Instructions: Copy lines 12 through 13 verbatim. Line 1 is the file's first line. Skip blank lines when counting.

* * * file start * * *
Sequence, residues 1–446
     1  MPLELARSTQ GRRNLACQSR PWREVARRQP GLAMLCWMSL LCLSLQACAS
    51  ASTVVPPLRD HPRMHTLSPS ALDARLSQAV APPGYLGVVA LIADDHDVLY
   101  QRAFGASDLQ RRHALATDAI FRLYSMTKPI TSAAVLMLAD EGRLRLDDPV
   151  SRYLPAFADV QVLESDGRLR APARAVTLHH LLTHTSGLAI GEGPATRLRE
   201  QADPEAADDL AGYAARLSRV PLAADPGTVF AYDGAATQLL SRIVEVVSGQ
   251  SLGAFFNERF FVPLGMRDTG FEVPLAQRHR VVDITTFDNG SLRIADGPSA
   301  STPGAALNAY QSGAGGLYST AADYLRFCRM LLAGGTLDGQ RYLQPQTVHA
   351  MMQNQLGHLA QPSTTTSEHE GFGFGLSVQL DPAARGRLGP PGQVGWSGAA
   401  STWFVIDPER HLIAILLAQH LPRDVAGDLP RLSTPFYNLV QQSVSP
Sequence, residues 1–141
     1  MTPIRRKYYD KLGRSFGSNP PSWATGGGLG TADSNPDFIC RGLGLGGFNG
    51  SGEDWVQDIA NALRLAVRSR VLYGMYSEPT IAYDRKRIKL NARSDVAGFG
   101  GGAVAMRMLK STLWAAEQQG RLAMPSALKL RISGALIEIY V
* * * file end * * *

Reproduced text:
     1  MTPIRRKYYD KLGRSFGSNP PSWATGGGLG TADSNPDFIC RGLGLGGFNG
    51  SGEDWVQDIA NALRLAVRSR VLYGMYSEPT IAYDRKRIKL NARSDVAGFG